Campbell Scott Photo: Joan Marcus
The spirit of giving, redemption, Christmas and Peace on Earth lives in the Old Vic’s production of A Christmas Carol. As you enter the theatre, the cast minus Scrooge, toss cookies and mandarin oranges to the audience. The band thanks to Christopher Nightingale (composer/orchestrator/arranger) plays carols of old, as the theatre is festive and haunting lit by lanterns thanks to Hugh Vanstone.
This age old ghost story, has been adapted by Jack Thorne to keep it more up to date. Personally, I like the timeless version. Matthew Warchus’ direction and Rob Howell’s sets keep bringing out boxes from the floor and door frames that rise and fall to make desks and chairs. They have kept the stage minimalistic except for the junk piles surrounding the sides and the back of the stage. I never did figure out why that was there. However when it comes time to feast and share ones bounty, it soars from the rafters.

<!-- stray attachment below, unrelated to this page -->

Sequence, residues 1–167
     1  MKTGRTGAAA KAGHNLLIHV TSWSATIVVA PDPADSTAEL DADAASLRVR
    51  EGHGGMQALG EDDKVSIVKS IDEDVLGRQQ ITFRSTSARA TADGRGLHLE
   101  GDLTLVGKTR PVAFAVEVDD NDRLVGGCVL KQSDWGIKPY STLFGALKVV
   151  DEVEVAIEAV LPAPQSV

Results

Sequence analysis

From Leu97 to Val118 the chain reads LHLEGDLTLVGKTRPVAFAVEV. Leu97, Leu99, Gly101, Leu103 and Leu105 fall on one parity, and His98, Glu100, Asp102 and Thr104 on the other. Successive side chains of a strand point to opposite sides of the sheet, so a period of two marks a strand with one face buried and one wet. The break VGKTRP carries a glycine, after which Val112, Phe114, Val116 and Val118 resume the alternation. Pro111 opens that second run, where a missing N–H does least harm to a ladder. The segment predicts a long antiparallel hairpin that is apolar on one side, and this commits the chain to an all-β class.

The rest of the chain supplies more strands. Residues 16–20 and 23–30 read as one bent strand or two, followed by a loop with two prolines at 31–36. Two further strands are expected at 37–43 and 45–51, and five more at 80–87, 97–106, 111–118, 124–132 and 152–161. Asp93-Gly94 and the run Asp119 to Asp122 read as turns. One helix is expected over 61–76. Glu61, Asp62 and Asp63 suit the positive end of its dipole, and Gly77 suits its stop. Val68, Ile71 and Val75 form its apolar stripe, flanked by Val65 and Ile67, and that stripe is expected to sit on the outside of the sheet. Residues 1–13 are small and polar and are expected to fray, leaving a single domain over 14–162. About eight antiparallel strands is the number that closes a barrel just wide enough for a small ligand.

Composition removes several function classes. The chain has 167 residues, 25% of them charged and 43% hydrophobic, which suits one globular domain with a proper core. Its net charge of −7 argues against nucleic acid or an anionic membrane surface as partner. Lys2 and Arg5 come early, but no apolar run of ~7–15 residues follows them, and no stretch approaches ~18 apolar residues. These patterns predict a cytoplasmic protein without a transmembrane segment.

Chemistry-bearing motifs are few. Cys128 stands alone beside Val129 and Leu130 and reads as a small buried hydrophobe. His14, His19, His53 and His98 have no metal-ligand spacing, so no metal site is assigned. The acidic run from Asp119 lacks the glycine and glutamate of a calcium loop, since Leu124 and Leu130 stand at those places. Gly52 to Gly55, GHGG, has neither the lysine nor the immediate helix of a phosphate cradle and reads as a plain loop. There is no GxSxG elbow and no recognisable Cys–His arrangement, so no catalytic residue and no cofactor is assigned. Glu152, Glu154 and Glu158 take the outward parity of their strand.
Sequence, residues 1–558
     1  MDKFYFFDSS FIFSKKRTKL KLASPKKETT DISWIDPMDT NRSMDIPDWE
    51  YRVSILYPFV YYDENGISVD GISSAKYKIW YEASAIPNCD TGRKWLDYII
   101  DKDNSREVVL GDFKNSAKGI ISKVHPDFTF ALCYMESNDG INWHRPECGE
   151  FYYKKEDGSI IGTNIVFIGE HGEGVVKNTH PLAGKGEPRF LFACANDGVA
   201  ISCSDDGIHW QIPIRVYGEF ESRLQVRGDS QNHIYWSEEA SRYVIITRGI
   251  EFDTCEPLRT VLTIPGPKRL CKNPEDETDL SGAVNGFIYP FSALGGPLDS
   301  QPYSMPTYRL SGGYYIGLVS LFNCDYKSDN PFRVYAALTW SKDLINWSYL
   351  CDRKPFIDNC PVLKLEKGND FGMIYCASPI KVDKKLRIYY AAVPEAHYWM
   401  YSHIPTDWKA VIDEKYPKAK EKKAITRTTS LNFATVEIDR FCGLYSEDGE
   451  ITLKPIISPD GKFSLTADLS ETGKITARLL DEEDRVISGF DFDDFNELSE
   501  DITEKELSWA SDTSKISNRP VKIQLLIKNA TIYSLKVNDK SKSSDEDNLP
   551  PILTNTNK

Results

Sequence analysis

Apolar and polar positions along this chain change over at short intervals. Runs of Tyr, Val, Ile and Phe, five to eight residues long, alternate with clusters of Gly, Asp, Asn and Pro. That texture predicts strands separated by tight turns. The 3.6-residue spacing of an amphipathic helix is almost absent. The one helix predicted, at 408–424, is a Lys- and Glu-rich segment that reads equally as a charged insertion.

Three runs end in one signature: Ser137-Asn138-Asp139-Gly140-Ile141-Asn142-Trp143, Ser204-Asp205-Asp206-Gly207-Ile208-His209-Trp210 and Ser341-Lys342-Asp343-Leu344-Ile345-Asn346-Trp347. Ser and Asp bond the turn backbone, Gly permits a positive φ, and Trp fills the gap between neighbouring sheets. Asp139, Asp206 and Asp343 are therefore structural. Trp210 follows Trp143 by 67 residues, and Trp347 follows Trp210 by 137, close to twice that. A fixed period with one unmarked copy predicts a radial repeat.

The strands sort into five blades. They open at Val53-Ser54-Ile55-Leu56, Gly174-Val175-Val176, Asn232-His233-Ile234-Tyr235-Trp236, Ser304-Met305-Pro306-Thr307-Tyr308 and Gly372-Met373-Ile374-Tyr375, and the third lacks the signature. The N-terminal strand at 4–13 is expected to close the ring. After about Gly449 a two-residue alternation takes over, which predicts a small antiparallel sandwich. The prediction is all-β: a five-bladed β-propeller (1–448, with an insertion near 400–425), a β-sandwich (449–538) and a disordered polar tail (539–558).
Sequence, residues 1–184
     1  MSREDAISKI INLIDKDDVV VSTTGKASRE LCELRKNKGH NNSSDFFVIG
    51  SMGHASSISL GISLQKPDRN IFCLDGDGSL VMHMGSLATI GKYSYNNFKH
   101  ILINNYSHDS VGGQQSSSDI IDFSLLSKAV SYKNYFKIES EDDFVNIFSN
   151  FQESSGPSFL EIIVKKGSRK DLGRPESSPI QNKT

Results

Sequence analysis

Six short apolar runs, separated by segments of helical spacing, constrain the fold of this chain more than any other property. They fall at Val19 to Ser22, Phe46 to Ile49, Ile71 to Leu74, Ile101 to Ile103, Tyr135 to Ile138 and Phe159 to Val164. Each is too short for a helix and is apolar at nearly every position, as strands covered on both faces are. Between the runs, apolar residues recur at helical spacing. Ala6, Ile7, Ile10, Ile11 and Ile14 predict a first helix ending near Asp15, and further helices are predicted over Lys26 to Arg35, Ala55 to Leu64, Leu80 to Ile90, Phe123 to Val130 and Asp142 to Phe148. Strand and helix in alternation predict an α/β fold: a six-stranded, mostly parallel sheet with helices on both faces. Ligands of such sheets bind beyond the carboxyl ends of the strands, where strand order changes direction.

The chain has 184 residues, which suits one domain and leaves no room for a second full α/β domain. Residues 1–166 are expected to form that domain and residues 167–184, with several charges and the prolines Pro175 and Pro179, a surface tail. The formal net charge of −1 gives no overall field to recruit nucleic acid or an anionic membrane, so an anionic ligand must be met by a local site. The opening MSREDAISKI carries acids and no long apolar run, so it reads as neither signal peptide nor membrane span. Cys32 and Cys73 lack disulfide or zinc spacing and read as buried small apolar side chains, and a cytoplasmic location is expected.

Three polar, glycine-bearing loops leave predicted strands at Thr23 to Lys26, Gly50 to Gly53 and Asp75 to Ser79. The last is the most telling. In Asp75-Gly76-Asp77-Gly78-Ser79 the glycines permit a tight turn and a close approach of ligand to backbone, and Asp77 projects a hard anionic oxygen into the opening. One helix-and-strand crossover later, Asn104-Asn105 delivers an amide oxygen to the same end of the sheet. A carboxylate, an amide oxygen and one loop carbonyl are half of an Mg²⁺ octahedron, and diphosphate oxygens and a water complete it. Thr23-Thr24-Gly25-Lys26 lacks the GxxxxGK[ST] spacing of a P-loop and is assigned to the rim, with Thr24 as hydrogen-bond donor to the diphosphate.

Enter Ebenezer Scrooge (a fabulous Campbell Scott), whose thoughtless ways bring on this tale of haunting is made to examine his life. First up is his partner Marley (Chris Hoch), then Ghost of Christmas Past (Andrea Martin), followed by the Ghost of Christmas Present ( a Jamaican accented LaChanze) and finally the Ghost of The Future to come, that at first is multi-figured, then turns into his sister Fan (Rachel Prather).
Throughout the scenes ingeniously are Christmas carols, that tell the story in gloriously sung song thanks to music coordinator Howard Joines and music director Michael Gacetta. Their presence helps with the bizarre accents, the sometimes not so wonderful costumes and strange flaws in the script.
Despite these flaws, there is the goodness, compassion, heart and the true meaning of Christmas. As the show asked for money for Broadway Cares/ Equity Fights AIDS and Hearts of Gold, a charity that helps homeless mothers and their childrenby helping them to stay together and transition out of New York City shelter system to permanent homes, both my guest and I reached deep into our pockets.
If you have felt that you have lost the holiday spirit or want to remember what it was, A Christmas Carol should be on your list.
A Christmas Carol: Lyceum Theatre, 149 West 45th Street until Jan 5th.